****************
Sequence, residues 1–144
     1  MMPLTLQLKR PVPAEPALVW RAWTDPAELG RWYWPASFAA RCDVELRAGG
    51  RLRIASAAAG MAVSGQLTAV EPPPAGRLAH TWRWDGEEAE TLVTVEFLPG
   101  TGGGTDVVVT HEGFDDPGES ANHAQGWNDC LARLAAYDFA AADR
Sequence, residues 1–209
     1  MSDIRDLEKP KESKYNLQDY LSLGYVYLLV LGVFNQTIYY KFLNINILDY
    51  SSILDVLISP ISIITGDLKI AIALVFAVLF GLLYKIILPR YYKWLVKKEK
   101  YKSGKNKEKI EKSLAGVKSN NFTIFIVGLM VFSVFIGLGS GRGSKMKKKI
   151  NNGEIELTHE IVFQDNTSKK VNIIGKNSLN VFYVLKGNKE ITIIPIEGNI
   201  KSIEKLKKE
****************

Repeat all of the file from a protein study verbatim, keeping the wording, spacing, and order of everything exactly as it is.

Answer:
Sequence, residues 1–144
     1  MMPLTLQLKR PVPAEPALVW RAWTDPAELG RWYWPASFAA RCDVELRAGG
    51  RLRIASAAAG MAVSGQLTAV EPPPAGRLAH TWRWDGEEAE TLVTVEFLPG
   101  TGGGTDVVVT HEGFDDPGES ANHAQGWNDC LARLAAYDFA AADR
Sequence, residues 1–209
     1  MSDIRDLEKP KESKYNLQDY LSLGYVYLLV LGVFNQTIYY KFLNINILDY
    51  SSILDVLISP ISIITGDLKI AIALVFAVLF GLLYKIILPR YYKWLVKKEK
   101  YKSGKNKEKI EKSLAGVKSN NFTIFIVGLM VFSVFIGLGS GRGSKMKKKI
   151  NNGEIELTHE IVFQDNTSKK VNIIGKNSLN VFYVLKGNKE ITIIPIEGNI
   201  KSIEKLKKE